Why Kenyans Have Been Paying More For A Used Car
The weakening of the Kenyan shilling, scarcity of vehicles and rising shipping costs have contributed to the increase in prices
For the past three months, Kenyans have been paying 30 per cent more to buy a used car than the average retail price.
The weakening of the Kenyan shilling, scarcity of vehicles and rising shipping costs have contributed to the increase in prices, with US$1 being worth Ksh117.90.
These factors have pushed up the price of a Toyota Vitz for example, above the Ksh1.2 million mark. This is a 26.3 per cent rise in the period under review.
A Toyota Vitz. /FILE
“The weakened shilling has hit the sector and now a Vitz that previously you could get for Ksh1 million is now costing Ksh250,000 more,” Charles Munyori, the secretary-general of the Kenya Auto Bazaar Association, said.
Munyori added that Kenyans should not expect prices to drop or remain unchanged in the coming months. As per tradition, car prices gradually fall from April to December but the trend has not been the case this year.
Other car varieties to have witnessed an increase in prices include popular 2015 Japanese models such as Toyota Harrier, Toyota Fielder and Toyota Premio and Nissan Sylphy which have gone up between Ksh150,000 and Ksh400,000 since April. A used 2015 Mazda Demio is retailing at 30 per cent more at Ksh1.3 million from Ksh1 million in March.
The increase in prices has also been blamed on a shortage of semiconductor chips which began in 2020 across the globe and has stretched to 2022, as well as other materials such as copper, aluminium and cobalt.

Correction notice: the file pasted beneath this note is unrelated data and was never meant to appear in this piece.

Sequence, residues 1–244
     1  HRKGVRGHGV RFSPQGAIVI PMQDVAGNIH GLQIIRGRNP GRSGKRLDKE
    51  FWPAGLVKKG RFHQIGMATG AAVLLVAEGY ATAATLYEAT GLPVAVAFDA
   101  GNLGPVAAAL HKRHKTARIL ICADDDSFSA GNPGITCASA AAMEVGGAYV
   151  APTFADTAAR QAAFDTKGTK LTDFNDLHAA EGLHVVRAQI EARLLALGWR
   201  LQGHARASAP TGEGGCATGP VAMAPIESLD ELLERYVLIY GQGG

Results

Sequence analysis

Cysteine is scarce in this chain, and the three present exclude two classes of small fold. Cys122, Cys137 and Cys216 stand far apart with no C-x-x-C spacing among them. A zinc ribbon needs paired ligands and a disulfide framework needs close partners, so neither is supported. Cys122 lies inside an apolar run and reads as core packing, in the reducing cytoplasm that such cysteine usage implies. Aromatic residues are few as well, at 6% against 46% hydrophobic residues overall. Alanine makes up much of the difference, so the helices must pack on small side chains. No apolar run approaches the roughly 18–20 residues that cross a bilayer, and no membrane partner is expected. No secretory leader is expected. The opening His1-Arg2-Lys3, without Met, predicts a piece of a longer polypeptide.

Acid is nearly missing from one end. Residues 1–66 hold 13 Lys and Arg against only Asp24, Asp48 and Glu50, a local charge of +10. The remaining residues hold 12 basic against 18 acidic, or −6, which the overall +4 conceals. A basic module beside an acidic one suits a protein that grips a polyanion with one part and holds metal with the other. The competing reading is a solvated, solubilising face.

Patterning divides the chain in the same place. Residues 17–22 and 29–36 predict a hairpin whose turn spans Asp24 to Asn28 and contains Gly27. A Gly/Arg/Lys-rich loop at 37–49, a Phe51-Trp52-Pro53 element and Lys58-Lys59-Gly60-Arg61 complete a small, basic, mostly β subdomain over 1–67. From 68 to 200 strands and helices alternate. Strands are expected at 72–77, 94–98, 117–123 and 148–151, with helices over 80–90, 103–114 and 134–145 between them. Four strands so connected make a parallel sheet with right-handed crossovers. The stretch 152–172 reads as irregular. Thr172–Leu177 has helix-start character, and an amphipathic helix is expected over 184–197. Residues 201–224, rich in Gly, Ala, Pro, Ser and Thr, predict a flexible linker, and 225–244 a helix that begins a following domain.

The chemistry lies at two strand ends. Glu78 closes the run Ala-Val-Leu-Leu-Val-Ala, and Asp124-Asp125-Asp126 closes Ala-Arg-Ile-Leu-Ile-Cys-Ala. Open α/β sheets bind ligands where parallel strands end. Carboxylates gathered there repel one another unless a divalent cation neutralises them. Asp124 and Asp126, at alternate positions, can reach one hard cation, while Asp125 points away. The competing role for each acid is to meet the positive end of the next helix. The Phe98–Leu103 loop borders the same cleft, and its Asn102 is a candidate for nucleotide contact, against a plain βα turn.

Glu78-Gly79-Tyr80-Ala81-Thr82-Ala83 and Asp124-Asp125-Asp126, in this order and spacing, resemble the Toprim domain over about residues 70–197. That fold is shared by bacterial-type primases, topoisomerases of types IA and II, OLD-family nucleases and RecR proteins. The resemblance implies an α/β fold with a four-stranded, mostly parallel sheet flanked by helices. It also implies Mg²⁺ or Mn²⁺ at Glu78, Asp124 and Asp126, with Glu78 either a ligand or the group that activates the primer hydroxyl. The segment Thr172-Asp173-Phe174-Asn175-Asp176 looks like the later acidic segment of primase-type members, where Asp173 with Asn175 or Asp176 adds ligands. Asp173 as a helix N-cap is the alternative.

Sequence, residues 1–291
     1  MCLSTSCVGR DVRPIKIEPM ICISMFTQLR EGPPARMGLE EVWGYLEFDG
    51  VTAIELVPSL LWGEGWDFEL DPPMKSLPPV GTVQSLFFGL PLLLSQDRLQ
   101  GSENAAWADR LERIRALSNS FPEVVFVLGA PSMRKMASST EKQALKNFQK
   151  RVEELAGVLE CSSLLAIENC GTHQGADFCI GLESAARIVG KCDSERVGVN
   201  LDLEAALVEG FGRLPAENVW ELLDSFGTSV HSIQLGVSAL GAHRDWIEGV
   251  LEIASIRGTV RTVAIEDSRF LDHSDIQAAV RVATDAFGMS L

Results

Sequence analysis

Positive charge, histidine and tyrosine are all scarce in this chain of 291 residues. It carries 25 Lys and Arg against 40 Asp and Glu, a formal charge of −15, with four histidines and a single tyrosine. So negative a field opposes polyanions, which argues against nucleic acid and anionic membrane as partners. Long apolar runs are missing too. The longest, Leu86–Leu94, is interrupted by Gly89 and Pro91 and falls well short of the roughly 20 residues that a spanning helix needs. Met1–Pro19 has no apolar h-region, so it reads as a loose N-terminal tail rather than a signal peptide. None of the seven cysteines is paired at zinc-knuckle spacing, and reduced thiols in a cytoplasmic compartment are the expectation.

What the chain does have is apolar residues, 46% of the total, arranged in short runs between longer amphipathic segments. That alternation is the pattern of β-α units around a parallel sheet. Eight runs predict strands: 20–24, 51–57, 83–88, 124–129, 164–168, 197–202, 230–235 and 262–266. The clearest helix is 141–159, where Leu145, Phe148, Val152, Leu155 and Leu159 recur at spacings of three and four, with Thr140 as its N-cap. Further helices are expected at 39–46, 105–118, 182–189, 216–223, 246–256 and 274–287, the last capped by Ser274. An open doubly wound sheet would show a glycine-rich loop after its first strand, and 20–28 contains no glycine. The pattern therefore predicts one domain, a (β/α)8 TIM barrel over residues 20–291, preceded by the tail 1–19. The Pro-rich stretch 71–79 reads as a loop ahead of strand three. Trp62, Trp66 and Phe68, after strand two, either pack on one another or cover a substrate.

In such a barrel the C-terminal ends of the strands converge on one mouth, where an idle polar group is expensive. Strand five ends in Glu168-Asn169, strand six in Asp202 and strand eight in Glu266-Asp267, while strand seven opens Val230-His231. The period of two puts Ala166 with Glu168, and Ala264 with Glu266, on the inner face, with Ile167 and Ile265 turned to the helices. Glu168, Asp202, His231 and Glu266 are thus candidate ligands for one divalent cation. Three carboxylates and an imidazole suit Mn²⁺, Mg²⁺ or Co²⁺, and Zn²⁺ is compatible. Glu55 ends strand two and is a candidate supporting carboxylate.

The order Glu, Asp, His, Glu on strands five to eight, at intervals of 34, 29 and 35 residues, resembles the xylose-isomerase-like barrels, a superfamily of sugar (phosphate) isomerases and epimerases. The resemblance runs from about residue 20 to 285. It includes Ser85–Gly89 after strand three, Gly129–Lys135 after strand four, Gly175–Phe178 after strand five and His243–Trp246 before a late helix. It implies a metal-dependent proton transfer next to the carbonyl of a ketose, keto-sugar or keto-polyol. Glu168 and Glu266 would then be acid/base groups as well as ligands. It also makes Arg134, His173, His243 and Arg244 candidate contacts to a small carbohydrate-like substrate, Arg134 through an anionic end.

As result, fewer new vehicles have been produced, leading more buyers to turn to used cars, whose demand has seen the prices of second-hand vehicles go up further.
The price shock has affected individuals and companies who buy vehicles using bank loans that cover vehicles that are less than eight years old and recover the debt within four years.
Mainly affected are vehicles registered in 2015, which are those within the eight years allowed as imports into the country. Vehicles from Japan dominate the Kenyan second-hand car market with a market share of more than 80 per cent.
A 2015 Honda Fit is now retailing at Ksh1.3 million from Ksh1.15 million in March while the cost of Nissan Sylphy has increased to Ksh1.4 million from Ksh1.25 million. Mazda Demio, Honda Fit and Vitz are popular with ride-hailing apps like Uber and Bolt and the increase in prices risk affecting many youths who purchase the units to join the transport sector.
The cost of a used Mercedes Benz C-200 2015 model has shot up by Ksh0.5 million to Ksh2.7 million in the same period while the cost of a Toyota Premio has increased to Ksh2.2 million from Ksh1.6 million.
A 2015 Land Cruiser ZX (petrol engine) is now retailing at Ksh9.5 million from Ksh8 million in March, slowing sales of the high-end car that dealers expected to pick up during the campaign season as Kenyans head to the August 9 General Elections.
George Wajackoyah on the campaign trail in a Lexus LX570 estimated to cost Ksh15 million. /TWITTER